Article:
Thank you very much, hon member. We are indeed paying urgent attention to the issues of corruption and the outstanding IDs. Some of the IDs are outstanding because applicants go to an office to apply and then change their addresses to other provinces, for example. They then go to those offices to apply for new identity documents in those different provinces.
The Electronic Track and Trace System will also allow us to be able to determine that you have applied for an ID within three months so that we are able to dispatch your ID from the previous office at which you had applied, to your new address. It will assist us to deal with those challenges. The issues of corruption are being addressed. There are resources that are being availed to deal with that.
We have instructed our officials, the provincial, regional and district managers, to ensure that the department's anticorruption strategy doesn't remain a document collecting dust at head office, but that they put it into their implementation plans so that they are able in their own respective areas to implement the anticorruption strategy and deal with the problems that we are facing. Thank you.
Thank you, Chairperson. Flowing from the answer of the Deputy Minister on the original question, during the recess the portfolio committee visited head office and we had a briefing by the turnaround team. That briefing session was only attended by the full complement of the ANC and one member from the UCDP. Now, Deputy Minister, the turnaround team indicated that one of their main tasks was to look at the processes in ensuring that the issuing of ID documents and other documents could be simplified. Are you satisfied that the current work of the turnaround team is bearing fruit already at this early stage?
We are indeed, hon Beukman, satisfied that it is already bearing fruit. We are simplifying the processes of application, production and distribution of IDs so that the process becomes seamless. We are also ensuring that in the offices where we are processing and producing the IDs, there is greater and stricter production so that corruption is dealt with at that level. We also need to improve the work that is taking place at that level - that will be at our offices at BVR in Pretoria. So we are satisfied that there is work taking place and that that work is already beginning to bear fruit. In the next 18 months it will begin to be felt by all South Africans. This is because, at the end of the day, it is not us who must be satisfied as the executive and officials in the department that our work is bearing fruit, it must be ordinary South African citizens who feel that there is real change taking place in terms of the work that we are doing and the promises we are making. Thank you.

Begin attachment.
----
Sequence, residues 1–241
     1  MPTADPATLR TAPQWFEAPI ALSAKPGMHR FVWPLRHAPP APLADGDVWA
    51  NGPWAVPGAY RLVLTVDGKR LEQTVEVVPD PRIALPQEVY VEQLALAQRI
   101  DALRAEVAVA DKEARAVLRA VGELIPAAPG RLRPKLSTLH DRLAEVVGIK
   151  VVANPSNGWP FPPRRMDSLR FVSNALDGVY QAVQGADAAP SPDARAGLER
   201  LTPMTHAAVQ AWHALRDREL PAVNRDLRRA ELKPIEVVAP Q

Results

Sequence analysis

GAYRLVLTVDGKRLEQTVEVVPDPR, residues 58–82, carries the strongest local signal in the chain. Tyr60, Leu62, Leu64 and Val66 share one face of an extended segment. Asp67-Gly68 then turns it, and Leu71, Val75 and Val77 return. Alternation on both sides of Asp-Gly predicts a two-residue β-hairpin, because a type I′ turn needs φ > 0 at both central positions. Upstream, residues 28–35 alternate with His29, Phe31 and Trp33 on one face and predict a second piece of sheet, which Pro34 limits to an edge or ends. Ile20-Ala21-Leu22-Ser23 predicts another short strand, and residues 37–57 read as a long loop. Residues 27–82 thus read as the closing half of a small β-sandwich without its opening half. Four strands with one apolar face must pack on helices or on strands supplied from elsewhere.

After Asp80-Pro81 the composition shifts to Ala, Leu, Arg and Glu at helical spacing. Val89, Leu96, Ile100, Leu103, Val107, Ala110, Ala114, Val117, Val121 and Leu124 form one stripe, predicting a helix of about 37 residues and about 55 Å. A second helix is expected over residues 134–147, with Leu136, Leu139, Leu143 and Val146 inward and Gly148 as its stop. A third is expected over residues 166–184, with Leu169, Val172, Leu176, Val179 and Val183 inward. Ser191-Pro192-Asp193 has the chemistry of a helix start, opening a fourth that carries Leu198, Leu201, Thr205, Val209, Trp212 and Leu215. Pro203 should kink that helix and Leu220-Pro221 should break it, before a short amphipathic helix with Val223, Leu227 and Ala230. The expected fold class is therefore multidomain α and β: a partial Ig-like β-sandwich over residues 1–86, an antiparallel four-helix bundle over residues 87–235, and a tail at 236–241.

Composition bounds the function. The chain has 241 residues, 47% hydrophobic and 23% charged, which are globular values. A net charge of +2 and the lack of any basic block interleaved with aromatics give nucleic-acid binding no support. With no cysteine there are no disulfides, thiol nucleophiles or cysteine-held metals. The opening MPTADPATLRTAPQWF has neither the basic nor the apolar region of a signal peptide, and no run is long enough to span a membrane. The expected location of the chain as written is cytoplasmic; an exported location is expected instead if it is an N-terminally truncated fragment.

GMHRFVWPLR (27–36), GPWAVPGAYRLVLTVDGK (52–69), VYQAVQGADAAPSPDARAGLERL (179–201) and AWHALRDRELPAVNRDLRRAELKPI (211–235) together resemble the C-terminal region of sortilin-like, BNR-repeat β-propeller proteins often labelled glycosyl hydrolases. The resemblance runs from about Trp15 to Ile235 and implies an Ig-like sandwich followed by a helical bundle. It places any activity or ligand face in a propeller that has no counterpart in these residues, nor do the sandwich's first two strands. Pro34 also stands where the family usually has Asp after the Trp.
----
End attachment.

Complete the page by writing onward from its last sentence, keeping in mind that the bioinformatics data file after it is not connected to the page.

Position regarding offering of choice voluntary termination of pregnancy to HIV-positive pregnant women
261. Mrs M M Madumise (ANC) asked the Minister of Health:
Whether, in light of the many challenges facing maternal health and the notable progress being made in this regard, particularly in terms of the offer of high quality antenatal and post-natal care to HIV- positive women, she will heed the recent call by the Health Systems Trust to routinely offer the choice of voluntary termination of pregnancy to HIV-positive pregnant women; if not, why not; if so, what are the relevant details?